There’s something of an ethical bind here, because if the smartphone is becoming a de facto necessity, it is at the same time impossible to use the device as intended without, in turn, surrendering data to it and the network beyond. In part, this is simply a function of the way mobile telephony works. Most of us know by now that our phones are constantly tracking our location, and in fact have to do so in order to function on the network at all: the same transaction with a cellular base station or WiFi router that establishes connectivity suffices to generate at least a low-resolution map of our whereabouts. But it is also a function of business model. Your location can be used to refine real-time traffic reports, tailor targeted advertising, or otherwise bolster the map vendor’s commercial imperatives, and this means that high-resolution tracking will invariably be enabled by default.

It’s easy, too easy, to depict the networked subject as being isolated, in contact with others only at the membrane that divides them. But if anything, the overriding quality of our era is porosity. Far from affording any kind of psychic sanctuary, the walls we mortar around ourselves turn out to be as penetrable a barrier as any other. Work invades our personal time, private leaks into public, the intimate is trivially shared, and the concerns of the wider world seep into what ought to be a space for recuperation and recovery. Above all, horror finds us wherever we are.

This is one of the costs of having a network organ, and the full-spectrum awareness it underwrites: a low-grade, persistent sense of the world and its suffering that we carry around at all times, that reaches us via texts and emails and Safety Check notices. The only way to hide from that knowledge is to decouple ourselves from the fabric of connections that gives us everything else we are. And that is something we clearly find hard to do, for practical reasons as much as psychic ones: network connectivity now underwrites the achievement of virtually every other need on the Maslovian pyramid, to the extent that refugees recently arriving from warzones have been known to ask for a smartphone before anything else, food and shelter not excluded.

We need to understand ourselves as nervous systems that are virtually continuous with the world beyond the walls, fused to it through the juncture of our smartphones. And what keeps us twitching at our screens, more even than the satisfaction of any practical need, is the continuously renewed opportunity to bathe in the primal rush of communion.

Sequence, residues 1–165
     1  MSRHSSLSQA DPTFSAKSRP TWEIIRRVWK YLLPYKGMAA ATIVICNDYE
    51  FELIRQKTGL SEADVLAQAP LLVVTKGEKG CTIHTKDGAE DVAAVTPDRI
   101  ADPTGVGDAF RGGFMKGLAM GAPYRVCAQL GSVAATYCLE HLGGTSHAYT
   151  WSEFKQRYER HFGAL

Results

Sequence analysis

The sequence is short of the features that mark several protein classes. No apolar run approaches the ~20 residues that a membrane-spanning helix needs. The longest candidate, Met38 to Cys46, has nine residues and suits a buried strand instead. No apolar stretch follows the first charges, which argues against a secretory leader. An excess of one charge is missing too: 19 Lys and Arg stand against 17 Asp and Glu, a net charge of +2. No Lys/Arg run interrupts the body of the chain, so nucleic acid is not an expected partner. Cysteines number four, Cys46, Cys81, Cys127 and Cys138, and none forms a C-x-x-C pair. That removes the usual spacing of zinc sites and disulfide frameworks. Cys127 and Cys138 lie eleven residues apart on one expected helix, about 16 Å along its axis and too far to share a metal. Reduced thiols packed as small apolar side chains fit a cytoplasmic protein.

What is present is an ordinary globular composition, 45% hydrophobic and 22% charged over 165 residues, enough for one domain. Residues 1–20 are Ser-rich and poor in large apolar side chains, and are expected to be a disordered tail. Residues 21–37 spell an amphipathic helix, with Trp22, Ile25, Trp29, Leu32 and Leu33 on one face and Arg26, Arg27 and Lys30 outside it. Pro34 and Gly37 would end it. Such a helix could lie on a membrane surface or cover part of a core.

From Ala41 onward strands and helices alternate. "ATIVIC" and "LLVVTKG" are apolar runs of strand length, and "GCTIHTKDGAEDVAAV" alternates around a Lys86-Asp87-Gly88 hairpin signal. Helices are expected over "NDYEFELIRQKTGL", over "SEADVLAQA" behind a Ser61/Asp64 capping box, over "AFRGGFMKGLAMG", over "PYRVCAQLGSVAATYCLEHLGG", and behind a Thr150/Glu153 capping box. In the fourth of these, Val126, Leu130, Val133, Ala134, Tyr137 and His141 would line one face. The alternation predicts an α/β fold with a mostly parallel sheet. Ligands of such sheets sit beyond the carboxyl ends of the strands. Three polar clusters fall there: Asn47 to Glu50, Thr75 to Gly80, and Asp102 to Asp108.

Whether consciously or otherwise, interaction designers have learned to stimulate and leverage this desire: they know full well that every time someone texts you, “likes” your photo or answers your email, it changes you materially, rewiring neurotransmitter pathways, lighting up the reward circuits of your brain, and enhancing the odds that you’ll trigger the whole cycle over again when the dopamine surge subsides in a few seconds. This clever hack exploits our most primal needs for affirmation, generally from the most venal of motivations. But it can also sensitize us to the truth of our own radical incompleteness, if we let it, teaching us that we are only ever ourselves in connection with others. And as we have never been anything but open and multiple and woven of alterity—from the DNA in our cells, to the microbes in our guts, to the self-replicating modules of language and learned ideology that constitute our very selves—in the end maybe the network we’ve wrought is only a clunky way of literalizing the connections that were always already there and waiting to be discovered.

It remains to be seen what kind of institutions and power relations we will devise as selves fully conscious of our interconnection with one another, though the horizontal turn in recent politics might furnish us with a clue. Whatever form they take, those institutions and relations will bear little resemblance to the ones that now undergird everyday experience, even those that have remained relatively stable for generations. The arrangements through which we allocate resources, transact value, seek to exert form on the material world, share our stories with one another, and organize ourselves into communities and polities will from now on draw upon a fundamentally new set of concepts and practices, and this is a horizon of possibilities that first opened up to us in equipping ourselves with the smartphone.

Sociology of the Smart PhoneFrom Radical Technologies: The Design of Everyday Life by Adam Greenfield